LindaMac® Apple TreeThis improved McIntosh strain produces crisp, sweet apples with a bright red blush. It is fire blight tolerant, highly resistant to Cedar Apple Rust, but susceptible to scab. In fact, LindaMac® apple tree is a mutation of the McIntosh (Mac) tree discovered by Les Bull of Casnovia, Michigan. Then it was introduced in 2000. It matures earlier than other McIntosh varieties and is cold-hardy, making it suitable for early-season fresh-eating and baking. Ripening in early September, it requires pollination from another tree for the best yield.
- Hardiness Zones: 4-8
- Pollination: this tree needs another apple tree with similar blossom time in order to bear fruit.
- Flowering Group: 2 (Early Mid-season)
- Harvest Period: Ripens 5-6 weeks before other McIntosh varieties, early September
How to Water a LindaMac® Apple Tree
- Water your tree with a garden hose or a watering can.
- Water the tree deeply when you see the soil has dried out.
- Additionally, water the tree slowly and evenly all around the root zone.
- In fact, avoid splashing the leaves with water, as this can cause fungal diseases.
- Let the soil dry out between waterings.
- Mulch around the base of the tree in order to help retain moisture and reduce weed growth.
- Lastly, provide supplemental water during periods of drought or dry weather.
- Follow this link for more detailed instructions on how to water an apple tree.
Planting and Caring for a LindaMac® Apple Tree
- 1. Choose a sunny spot in your yard that is sheltered from the wind. Make sure the soil is well-draining.
- 2. Dig a hole twice as wide and just as deep as the root ball of your tree.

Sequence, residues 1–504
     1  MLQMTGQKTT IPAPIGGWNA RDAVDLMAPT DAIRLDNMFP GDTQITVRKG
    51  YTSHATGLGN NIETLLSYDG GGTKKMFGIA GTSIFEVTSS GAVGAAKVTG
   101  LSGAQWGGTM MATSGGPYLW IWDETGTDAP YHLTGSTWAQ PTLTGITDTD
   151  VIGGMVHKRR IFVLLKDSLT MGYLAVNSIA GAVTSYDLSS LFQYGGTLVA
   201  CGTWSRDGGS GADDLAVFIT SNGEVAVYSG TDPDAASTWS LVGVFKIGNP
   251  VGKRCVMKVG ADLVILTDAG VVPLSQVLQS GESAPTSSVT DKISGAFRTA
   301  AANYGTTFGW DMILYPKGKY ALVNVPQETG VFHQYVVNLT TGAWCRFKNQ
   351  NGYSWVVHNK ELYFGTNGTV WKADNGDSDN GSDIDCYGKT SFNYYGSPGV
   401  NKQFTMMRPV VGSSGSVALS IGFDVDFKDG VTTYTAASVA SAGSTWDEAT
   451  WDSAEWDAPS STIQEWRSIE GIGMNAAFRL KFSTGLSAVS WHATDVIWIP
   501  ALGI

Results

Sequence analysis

- 3. Remove the tree from the container and place it in the hole. Make sure the top of the root ball is level with the soil.
- 4. Backfill the hole with the soil you removed earlier and pat it down firmly.
- 5. Water the tree deeply and mulch the area around the trunk in a 3-4 inch layer.
- 6. Prune the branches to the desired shape and size.
- 7. Feed the tree with a fertilizer designed for fruit trees.
- 8. Watch your LindaMac® apple tree thrive in its happy home.
- For more detailed instruction on how to plant an apple tree, follow this article.
What is a Rootstock?A rootstock controls the tree’s size, precocity, cold hardiness, and partly its disease resistance (such as fireblight). In order to grow a reliable and high quality fruit tree, growers graft the scion, which is above the ground and responsible for the fruit’s characteristics and disease resistance, onto the rootstock, which is underground.
How to Choose a Rootstock?A rootstock that grows well in one location, may not grow well in another. Therefore you must consider your specific site considerations before choosing a rootstock. When choosing a rootstock, some considerations for growers are
- what size tree is optimal for your site
- how well the rootstock adapts to your soil
- the disease pressure on your site
- how well the rootstock anchors
- precocity (bearing fruit at a younger age)
How to Prune a LindaMac® Apple Tree
- First, prune the LindaMac® apple tree in late winter or early spring, before it begins to flower.
- Cut off any dead, diseased, or damaged branches.
- Remove any crossing branches.
- Prune the central leader (main trunk) and any upright branches, leaving branches that grow outward.
- Cut back branches that are too long or have grown too close to the ground.
- Thin out the branches to allow more air and light to penetrate the center of the tree.
- Prune the sides of the tree to shape it and keep it to a desired size.
- Remove any suckers (new shoots growing from the base of the tree)
- Lastly, prune with a smile on your face and enjoy the beauty of your tree!
- For more detailed instruction on how to prune an apple tree, follow this article.
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